B'luru: Groundwater levels rise as commercial usage cut

Bengaluru: Groundwater levels rise as coronavirus lockdown cuts commercial usage

DH/File photo

The closure of industries and commercial establishments due to the lockdown has eased the burden on groundwater, shows the month-long reading of water levels in borewells in two areas where they are the main source of water. 

V S Prakash, a former scientist at the Central Ground Water Board, who later worked on the drought situation in Karnataka, has been analysing the data from three borewells in Electronics City and one borewell in HSR Layout for over a month now. 

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“The monitoring was continuous and almost real-time,” he said and pointed at the hydrographs for each borewell which showed a gradual increase between March 22 and April 25. The natural level of water, before being pumped for utilisation, increased slowly as exploitation reduced. 

Water levels in the borewells in Electronics City increased by 67 metres (219 feet) to 90 metres (295 feet). The HSR Layout borewell showed an improvement of 2.1 metres (6.88 feet). 

Borewells are estimated to fulfil more than 70% of the water needs of the people in Electronics City where the BWSSB’s commercial water charges are high. One has to drill over 1,000 feet to find water in the IT hub. In HSR Layout, nearly 50% of the water needs are met by the borewells whose depth ranges from 300 feet to 600 feet. 

Prakash said there were two reasons for the moderate increase in the water level in HSR Layout.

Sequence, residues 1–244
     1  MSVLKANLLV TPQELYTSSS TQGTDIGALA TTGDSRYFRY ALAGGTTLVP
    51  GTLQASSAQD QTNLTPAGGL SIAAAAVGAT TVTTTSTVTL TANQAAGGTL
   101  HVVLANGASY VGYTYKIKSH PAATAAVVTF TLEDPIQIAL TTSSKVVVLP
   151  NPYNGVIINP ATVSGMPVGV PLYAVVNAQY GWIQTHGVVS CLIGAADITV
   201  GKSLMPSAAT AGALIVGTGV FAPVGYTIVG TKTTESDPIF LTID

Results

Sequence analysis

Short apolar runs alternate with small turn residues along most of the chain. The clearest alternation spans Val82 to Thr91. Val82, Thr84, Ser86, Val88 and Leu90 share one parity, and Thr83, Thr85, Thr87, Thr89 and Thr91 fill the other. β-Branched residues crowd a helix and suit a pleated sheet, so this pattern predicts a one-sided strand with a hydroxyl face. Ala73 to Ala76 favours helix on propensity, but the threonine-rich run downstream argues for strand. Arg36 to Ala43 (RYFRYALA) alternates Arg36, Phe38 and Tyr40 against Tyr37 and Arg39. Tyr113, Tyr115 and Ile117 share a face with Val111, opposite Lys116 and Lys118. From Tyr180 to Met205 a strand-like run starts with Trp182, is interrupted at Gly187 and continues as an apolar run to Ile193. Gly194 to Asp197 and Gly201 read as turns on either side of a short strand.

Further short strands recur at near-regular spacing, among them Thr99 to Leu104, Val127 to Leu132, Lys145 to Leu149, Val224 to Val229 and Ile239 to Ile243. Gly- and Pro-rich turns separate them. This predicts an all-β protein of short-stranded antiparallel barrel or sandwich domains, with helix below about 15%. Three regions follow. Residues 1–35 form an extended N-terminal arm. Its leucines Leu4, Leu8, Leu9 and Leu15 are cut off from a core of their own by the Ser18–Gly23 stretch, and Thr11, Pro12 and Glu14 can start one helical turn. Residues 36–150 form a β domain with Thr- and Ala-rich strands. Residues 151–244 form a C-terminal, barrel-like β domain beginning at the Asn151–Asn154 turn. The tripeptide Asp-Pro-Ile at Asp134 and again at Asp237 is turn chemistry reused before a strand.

“Unlike Electronics City, HSR Layout is a residential area. Besides, the domestic demand for groundwater has increased due to the lockdown,” he said. 

Prakash, who founded the Karnataka State Natural Disaster Management Centre, said the adoption of an adequate micro-monitoring system was essential to understand the water regime, specifically groundwater, and adopt a demand-side management. 

“The water sector suffers from a lack of data. Something which is not measured properly can’t be managed properly. The existing groundwater and surface water monitoring system is grossly inadequate,” he said. 

C Mrutyunjaya Swamy, Secretary, Minor Irrigation Department, said the state government measured underground water levels by taking readings from 1,800 borewells. “We have installed observation devices in 1,800 borewells. We will take readings from these borewells (of Electronics City and HSR Layout) in the coming days and analyse the data soon for a better monitoring of the underground water exploitation,” he said.